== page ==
I first met Al Wahnon formally at a reception for the announcement of the new Floor Covering News. I had seen Al over the years at the carpet markets and knew him from reading Floor Covering Weekly.
I was awestruck by finally meeting this industry giant, dressed in a tux and shoving shrimp into his mouth, until I looked down after our conversation to find shards of shrimp plastered onto my suit and tie. My star struck opinion of him changed at that time. It became a running joke with us and we laughed repeatedly about it.
It is because of Al that my career blossomed. He always denied it, saying it was me who orchestrated it but it was he who gave me the platform to be, as he called it, an “industry celebrity.”
I will be eternally grateful for all he did for me. I’ve had a handful of mentors but Al was by far the most significant. He was at times like a father to me.
I remember vividly calling Al shortly after the birth of FCNews and asking him about the possibility of me writing a column on claims and complaints. He was intrigued, asked me if I had enough material to sustain the column and I told him, “til the day I die.” His response: “Go for it.” We never looked back from that day.
That is why I said he made me, even though he would never take the credit.
Al would rip me apart; go into tirades, calling me every name in the book. Told me I was a mental midget, a runt, that I slept in a drawer, lived in Lilliput, but for all that, he still nurtured me all the way. He never put restrictions on anything I wrote; in fact he encouraged me to shake things up.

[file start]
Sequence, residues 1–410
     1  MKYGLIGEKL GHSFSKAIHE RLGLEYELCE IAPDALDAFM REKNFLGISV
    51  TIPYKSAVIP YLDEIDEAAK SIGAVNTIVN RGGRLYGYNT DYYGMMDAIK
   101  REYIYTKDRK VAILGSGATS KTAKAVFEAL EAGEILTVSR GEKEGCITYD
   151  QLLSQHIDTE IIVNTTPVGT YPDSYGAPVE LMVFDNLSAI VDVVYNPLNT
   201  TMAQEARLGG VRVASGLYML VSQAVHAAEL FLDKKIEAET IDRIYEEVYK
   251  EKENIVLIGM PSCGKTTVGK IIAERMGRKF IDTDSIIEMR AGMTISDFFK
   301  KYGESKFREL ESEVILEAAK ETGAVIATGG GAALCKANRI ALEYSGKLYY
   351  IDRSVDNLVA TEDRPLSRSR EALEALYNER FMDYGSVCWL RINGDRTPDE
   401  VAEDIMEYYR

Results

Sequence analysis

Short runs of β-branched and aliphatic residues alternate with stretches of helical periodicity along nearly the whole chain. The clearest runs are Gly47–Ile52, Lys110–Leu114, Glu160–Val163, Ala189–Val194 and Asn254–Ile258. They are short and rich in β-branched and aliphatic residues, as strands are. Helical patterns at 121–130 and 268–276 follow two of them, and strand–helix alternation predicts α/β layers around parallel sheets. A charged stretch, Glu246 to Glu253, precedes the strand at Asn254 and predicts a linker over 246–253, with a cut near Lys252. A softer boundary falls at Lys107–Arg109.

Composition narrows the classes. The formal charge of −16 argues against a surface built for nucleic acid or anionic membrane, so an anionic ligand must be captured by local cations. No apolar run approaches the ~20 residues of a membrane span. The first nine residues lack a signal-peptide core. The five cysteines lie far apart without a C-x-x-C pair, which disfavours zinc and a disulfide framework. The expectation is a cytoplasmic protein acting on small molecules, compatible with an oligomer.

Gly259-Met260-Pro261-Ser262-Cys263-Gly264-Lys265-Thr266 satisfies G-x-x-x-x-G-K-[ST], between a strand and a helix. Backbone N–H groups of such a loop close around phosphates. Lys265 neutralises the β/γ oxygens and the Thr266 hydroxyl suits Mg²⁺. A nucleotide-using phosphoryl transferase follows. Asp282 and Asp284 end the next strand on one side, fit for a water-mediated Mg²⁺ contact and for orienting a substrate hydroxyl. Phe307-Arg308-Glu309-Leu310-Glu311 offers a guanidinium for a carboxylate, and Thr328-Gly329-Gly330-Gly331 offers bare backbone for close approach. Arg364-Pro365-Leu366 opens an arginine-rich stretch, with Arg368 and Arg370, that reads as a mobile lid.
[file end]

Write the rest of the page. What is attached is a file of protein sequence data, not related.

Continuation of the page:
I marveled at his writing. No one I have ever met could compare. He knew the root of every word in the English language. I’d call and ask him about words, such as the word “hyperbole” in his column; although I pronounced it “High per bowl.” He went nuts laughing. You can bet I got lambasted that day; I’ll never forget it and he never let me.
I remember the times in the Atlanta market when all the “old timers” got together; Al, Bernie Diamond, Eric Arjie, Stan Licker, Herbie Wolk and countless others who’d go at each other, one bettering the other. I was a bystander laughing at the banter. There will never be times like those again.
There were the times I’d go to Al’s house, spend time with he and his wife, Rose and eat Chinese take out. We’d go shopping at the mall or bargain stores. Rose reminded me of that at Al’s funeral.
There were scary times too; you’d take your hands into your life riding in a car with Al, the best driver in the world he wasn’t. And he was challenged finding his way home, another thing we’d all laugh about.
Al introduced me to all kinds of people, he gave me legitimacy, he nurtured my growth, he taught me much and he never told me no, he made sure I was included in events and he made me laugh. I loved being chastised by him—and I was every time we talked. I swore my allegiance to him, something he didn’t demand but loyalty to Al was most important.
As we both got older and busier, we didn’t take the time to talk as much; there weren’t the spontaneous phone calls but the love I had for him never waned, nor will it. The only regret I have is that I didn’t take the opportunity to talk with him before he died. Another lesson he taught me without knowing it.
I will be forever grateful for all he did for me, his belief in me, his nurturing, teaching and most of all the memories he gave me. May you rest in peace. I’ll miss you.